The only difference between the rule proposed last year and this year is Section 62-41.403, “Additional Protections Consistent with Local or Regional Conditions or Objectives.” Ironically, the section adds no “additional protections.” Instead, it clarifies that water management districts are not losing the ability to use existing regulatory tools. It is centered on the adoption of “Restricted Allocation Areas,” which, also ironically, do not require restricting allocations.

The inclusion of this section is an acknowledgement that DEP has not followed the law in adopting rules to prevent harm to Outstanding Florida Springs. Instead, after seven years of incompetence and impotence, DEP is passing responsibility for protecting springs back to the water management districts in direct conflict with the Legislature’s finding that “coordinated statewide” action is necessary.


What should the rule actually look like?

The Florida Springs Council worked with attorneys, scientists, and policy experts to draft a water use permitting harm rule that will actually protect Outstanding Florida Springs. It prioritizes the protection of Outstanding Florida Springs, relies on existing regulatory programs, and recognizes the relationship between water quantity and water quality.

We stepped up where FDEP refused to act. We did the work for them, met with FDEP twice last year to explain it to them, and still no progress has been made.

On Friday Sept 15, 2023 we sent a letter to DEP's Secretary Hamilton with our full analysis of their rulemaking. A permitting harm rule as written by Florida Springs Council is attached as an appendix to the letter.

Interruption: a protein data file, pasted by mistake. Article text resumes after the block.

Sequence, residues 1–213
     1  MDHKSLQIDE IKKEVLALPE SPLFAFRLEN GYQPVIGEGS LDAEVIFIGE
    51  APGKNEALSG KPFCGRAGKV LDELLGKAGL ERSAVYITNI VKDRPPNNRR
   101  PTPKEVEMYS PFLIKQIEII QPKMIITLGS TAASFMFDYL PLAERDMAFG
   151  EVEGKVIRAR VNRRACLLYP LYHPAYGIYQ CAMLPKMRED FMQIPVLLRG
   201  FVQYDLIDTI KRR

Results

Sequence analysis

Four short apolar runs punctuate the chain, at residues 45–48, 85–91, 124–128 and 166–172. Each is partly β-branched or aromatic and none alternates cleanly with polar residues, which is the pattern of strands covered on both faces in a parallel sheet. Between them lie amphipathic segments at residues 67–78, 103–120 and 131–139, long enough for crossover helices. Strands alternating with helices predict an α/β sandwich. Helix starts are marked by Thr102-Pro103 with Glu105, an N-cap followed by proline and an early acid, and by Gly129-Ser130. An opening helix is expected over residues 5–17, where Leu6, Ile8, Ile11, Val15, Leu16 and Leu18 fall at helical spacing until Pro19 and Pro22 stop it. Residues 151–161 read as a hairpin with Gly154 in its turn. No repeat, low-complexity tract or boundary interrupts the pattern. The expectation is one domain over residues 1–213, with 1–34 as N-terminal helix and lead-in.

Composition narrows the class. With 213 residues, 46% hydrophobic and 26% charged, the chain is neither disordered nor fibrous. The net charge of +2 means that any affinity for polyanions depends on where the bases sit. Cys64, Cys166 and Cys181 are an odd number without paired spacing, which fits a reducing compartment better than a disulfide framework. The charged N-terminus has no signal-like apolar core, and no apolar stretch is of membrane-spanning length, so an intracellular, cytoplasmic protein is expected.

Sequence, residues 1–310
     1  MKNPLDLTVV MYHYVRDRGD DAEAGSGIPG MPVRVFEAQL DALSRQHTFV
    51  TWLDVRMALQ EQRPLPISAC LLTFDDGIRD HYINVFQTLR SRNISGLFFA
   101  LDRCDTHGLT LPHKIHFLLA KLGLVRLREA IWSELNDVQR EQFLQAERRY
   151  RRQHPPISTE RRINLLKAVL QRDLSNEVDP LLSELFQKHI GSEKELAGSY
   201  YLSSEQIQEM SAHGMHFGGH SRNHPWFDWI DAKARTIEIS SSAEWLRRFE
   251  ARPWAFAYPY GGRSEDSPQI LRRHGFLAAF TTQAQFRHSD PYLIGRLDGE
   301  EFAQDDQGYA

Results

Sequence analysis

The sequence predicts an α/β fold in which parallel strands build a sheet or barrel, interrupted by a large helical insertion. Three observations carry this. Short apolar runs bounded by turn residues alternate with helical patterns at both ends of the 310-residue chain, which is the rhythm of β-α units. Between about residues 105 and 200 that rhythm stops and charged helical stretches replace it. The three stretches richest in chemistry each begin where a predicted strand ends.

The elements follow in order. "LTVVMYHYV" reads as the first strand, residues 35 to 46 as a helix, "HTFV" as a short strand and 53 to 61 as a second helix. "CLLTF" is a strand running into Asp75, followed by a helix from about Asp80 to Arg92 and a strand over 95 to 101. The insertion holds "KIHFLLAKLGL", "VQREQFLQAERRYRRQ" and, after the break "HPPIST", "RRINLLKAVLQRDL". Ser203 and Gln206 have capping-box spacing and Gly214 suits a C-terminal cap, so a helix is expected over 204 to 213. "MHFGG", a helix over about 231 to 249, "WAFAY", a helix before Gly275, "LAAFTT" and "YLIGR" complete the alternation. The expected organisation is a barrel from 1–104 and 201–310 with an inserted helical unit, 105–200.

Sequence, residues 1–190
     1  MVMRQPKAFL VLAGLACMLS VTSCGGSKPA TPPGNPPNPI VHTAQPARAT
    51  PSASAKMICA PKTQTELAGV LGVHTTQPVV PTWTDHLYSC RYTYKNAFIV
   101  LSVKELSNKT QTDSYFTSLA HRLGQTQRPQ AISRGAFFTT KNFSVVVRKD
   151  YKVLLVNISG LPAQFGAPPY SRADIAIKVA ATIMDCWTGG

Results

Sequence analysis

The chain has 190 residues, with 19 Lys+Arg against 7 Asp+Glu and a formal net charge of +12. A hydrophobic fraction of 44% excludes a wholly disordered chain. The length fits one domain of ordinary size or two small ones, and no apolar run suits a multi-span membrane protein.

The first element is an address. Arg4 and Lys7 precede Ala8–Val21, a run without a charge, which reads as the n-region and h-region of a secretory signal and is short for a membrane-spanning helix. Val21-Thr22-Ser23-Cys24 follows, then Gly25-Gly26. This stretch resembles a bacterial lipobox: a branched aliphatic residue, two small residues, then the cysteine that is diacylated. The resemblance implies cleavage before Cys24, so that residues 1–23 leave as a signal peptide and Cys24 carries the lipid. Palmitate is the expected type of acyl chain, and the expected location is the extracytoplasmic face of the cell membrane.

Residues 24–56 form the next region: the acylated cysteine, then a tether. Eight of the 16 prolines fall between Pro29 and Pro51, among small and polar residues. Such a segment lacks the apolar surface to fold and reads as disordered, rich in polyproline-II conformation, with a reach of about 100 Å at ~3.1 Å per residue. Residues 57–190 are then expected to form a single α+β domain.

"The Department’s blatant disregard for its mission has caused untold damage to Florida’s springs, cost valuable time and money, and eroded the faith of the people of Florida in a once respected institution. It has become so captured that it now represents only the most greedy and destructive part of Florida’s regulated industries lobby.
The public is taking note. Only a handful of people attended the initial public workshop in March 2022. Over 100 showed up in August 2023 to express their anger and frustration at the Department’s continued failure to protect Florida’s springs."

Read both the letter and Florida Springs Council's draft of a reasonable rule to protect springs here:

Florida Springs Council 62-41.400 Rulemaking Comment Letter
Download PDF • 136KB


Where are we now?

We will not let FDEP get away with only following the law when it benefits polluters and developers. We will continue until DEP implements the protections for springs that they were given by law, whether by working with DEP to create a reasonable rule or in court. Below is Executive Director Ryan Smart's comments at the workshop.

What can you do?

FDEP is accepting public comment on its proposed draft rule until Sept. 18. Use our system to tell FDEP to adopt the Florida Springs Council’s more protective rule. :